When data is sent across the Internet, it is sent in “packets”. These small chunks of data are sent from one end of the connection to the other, and in both directions.
Occasionally, a connection will experience issues with the packets being transported. In the case of “high latency and high jitter”, the packets are taking longer than usual, and longer than preferred, to reach their destination. Here, the latency determines the time taken for the packets to reach their destination, while the jitter determines the fluctuation in latency; from low to high.
When packets reach their destination, they are queued in a buffer. This buffer stores packets until they are ready to be processed. Sometimes, these packets are buffered simply because there are packets missing and the existing packets are awaiting the arrival of these missing packets in order for them to be decoded.
Aircall calls that have both high latency and high jitter suggest that a proportion of this latency is caused by the jitter. When using a jitter buffer, the audio transcoder will wait for missing packets before passing the audio to the end-user. If the jitter is high enough, and the buffer large enough, then the transcoder may wait some time, leading to increased latency. A means to reduce latency can be to reduce the size of the jitter buffer and thus causing some audio to drop. While a preferred solution is to improve the quality of the connection itself.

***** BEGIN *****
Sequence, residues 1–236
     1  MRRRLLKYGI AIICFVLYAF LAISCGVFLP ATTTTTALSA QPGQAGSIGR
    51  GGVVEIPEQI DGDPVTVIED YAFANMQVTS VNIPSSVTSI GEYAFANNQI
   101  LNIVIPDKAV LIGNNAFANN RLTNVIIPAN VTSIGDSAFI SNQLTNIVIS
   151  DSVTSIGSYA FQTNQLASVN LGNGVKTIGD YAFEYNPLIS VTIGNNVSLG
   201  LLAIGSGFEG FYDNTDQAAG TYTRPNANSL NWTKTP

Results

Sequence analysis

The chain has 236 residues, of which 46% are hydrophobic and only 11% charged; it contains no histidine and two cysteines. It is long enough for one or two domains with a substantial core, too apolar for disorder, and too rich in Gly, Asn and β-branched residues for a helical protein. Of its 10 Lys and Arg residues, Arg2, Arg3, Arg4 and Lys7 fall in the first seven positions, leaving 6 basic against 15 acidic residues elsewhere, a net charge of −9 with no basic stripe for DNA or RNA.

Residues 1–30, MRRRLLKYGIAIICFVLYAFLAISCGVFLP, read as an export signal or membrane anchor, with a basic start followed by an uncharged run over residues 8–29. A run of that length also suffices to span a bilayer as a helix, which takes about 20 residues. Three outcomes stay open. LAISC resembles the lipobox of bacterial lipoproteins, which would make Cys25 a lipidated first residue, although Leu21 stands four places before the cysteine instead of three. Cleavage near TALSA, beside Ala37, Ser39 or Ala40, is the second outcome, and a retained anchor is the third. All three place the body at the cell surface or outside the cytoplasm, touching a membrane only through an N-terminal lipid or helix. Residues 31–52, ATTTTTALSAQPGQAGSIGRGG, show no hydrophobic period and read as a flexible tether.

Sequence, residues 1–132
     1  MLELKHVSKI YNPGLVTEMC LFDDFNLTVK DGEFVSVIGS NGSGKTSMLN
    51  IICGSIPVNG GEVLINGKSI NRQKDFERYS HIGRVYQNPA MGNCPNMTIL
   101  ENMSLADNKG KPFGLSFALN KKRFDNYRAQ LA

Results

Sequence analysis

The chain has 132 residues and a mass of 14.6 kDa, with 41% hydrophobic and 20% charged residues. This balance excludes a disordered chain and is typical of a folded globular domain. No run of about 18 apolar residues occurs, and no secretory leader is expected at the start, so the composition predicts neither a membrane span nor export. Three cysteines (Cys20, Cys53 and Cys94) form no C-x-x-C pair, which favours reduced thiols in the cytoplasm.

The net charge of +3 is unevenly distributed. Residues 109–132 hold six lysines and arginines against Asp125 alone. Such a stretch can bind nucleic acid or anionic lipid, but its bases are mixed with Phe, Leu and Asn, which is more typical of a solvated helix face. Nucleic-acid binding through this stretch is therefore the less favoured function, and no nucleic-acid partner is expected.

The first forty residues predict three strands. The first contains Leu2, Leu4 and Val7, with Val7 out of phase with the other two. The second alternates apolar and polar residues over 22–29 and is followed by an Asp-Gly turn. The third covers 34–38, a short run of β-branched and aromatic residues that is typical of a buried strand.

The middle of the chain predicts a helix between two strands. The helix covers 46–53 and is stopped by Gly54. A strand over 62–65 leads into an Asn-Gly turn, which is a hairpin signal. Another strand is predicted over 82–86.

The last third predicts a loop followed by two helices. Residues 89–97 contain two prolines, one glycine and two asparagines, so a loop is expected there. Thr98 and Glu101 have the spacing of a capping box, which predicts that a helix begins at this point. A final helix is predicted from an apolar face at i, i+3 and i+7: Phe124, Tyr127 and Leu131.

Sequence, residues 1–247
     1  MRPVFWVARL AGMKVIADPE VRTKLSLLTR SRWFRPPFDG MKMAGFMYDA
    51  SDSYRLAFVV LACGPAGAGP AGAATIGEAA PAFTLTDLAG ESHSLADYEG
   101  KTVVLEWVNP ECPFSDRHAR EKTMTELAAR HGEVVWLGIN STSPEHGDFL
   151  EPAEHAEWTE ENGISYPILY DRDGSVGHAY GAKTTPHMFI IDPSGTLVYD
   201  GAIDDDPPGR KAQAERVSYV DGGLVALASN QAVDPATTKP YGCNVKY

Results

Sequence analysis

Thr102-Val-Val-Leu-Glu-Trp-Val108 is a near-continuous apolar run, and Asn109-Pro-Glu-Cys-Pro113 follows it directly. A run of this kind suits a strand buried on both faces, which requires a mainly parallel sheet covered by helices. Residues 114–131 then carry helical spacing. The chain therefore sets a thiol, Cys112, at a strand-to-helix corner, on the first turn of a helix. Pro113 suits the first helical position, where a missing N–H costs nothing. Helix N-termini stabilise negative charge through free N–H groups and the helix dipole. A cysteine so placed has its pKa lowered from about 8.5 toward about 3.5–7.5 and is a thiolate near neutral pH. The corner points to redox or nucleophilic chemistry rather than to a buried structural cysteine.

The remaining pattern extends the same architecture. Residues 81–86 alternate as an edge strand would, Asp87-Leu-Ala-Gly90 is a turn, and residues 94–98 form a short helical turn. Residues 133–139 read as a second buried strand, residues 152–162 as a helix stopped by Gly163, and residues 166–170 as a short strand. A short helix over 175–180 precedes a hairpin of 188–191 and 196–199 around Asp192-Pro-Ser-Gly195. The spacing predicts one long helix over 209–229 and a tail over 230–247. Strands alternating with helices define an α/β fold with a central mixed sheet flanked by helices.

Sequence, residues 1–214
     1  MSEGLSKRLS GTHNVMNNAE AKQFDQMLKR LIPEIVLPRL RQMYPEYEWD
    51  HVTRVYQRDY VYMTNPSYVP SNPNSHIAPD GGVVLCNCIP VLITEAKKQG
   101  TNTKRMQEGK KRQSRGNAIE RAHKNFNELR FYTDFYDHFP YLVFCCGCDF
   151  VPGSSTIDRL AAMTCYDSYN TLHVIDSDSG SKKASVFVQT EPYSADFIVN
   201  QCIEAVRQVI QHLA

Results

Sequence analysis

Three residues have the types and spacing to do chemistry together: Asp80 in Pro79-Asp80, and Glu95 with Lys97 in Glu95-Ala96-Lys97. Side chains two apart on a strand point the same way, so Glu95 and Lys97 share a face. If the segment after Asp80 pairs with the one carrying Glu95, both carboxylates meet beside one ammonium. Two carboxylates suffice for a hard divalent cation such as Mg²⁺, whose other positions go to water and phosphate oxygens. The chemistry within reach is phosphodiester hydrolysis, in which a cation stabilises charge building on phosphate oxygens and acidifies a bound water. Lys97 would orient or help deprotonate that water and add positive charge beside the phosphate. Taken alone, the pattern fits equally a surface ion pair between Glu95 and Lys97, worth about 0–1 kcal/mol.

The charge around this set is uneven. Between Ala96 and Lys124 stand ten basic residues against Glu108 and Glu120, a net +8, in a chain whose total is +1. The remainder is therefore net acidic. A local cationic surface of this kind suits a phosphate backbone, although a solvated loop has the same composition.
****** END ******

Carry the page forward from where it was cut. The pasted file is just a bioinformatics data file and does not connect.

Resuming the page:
Possible Causes of Jitter
Jitter can happen for many reasons, whether at the NAT (router), the transport route, or a physical layer, such as a VPN.
If the local network has heavy traffic, the NAT (Network Address Translator) may have issues prioritising the audio packets. This may result in some packets leaving or entering the network quickly, while others are delayed. If your NAT supports it, utilise its QoS feature (Quality of Service) to prioritise VoIP audio packets.
Typically, packets travelling within the Internet from one location to another will visit numerous “hops” along the way. A poorly provisioned hop may cause issues to packets which traverse through it, leading to latency, packet loss and jitter issues. This is otherwise known as congestion. Forcing an alternative route, via a DNS proxy or similar mechanism, may improve transport reliability.
A VPN (or Virtual Private Network) is a common tool used by businesses and corporate networks to secure Internet communications. However, using such services will often add latency to a network and may also cause network switching, whereby packets of data may be sent along more than one transport route to the destination. This increases the occurrence of jitter, as packets are no longer traveling in a predictable, sequential path.
An additional caveat of VPN’s is that all traffic must first traverse to the DNS gateway before it is transported to and from its destination. This usually creates a longer physical path for data to traverse.
Depending on the properties of your VPN connectivity, it may be that disabling it specifically for VoIP calls can greatly improve your experience.
Still have questions? Please feel free to reach out to the Support Team and we’ll be happy to assist!